Variety and types
Imprecise circumscriptions and limited uniformity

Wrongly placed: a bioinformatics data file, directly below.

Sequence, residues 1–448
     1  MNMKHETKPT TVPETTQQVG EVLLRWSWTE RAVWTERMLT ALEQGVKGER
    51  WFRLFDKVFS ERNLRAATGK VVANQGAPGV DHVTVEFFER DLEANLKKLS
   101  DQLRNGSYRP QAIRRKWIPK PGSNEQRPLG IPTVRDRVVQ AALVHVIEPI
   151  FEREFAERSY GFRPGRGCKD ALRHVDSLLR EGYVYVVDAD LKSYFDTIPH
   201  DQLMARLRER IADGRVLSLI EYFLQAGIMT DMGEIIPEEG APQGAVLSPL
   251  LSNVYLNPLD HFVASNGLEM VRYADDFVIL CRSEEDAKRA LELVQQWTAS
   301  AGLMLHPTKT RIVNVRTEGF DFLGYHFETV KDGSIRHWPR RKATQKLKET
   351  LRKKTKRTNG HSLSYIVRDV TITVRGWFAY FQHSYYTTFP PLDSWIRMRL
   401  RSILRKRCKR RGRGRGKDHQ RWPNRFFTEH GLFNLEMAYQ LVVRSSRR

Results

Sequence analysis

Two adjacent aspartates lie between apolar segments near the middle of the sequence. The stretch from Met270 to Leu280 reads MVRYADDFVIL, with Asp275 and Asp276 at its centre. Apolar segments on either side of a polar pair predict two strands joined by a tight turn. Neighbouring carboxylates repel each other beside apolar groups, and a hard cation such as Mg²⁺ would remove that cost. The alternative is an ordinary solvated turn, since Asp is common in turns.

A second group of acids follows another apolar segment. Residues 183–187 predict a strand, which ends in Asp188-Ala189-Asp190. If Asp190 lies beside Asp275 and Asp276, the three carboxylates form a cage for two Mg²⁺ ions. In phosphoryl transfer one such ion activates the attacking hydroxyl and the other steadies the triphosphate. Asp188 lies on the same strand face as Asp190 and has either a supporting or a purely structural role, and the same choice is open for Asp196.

The above discussion highlights the fact that any given state of uncertainty has both an ontological dimension and an epistemic dimension. Both dimensions are associated with the cognitive abilities of human beings. Yet they are clearly distinct from one another.8 As we have seen, the ontological dimension of uncertainty has to do with the individuation of objects and situations within the domain of experience.9 Most importantly, ontologies allow us to locate ourselves and others within a shared social domain. On the other hand, the epistemic dimension of uncertainty concerns the drawing of conclusions from premises starting with any given state of knowledge. Clearly uncertainty may be associated with imprecise circumscriptions of objects and situations; it may also be associated with limited uniformity and surprise. The argument of the previous section suggests a taxonomy of uncertain states of the universe, depending on the specific combination of ontological imprecision and epistemic imprecision (see Table 5.1).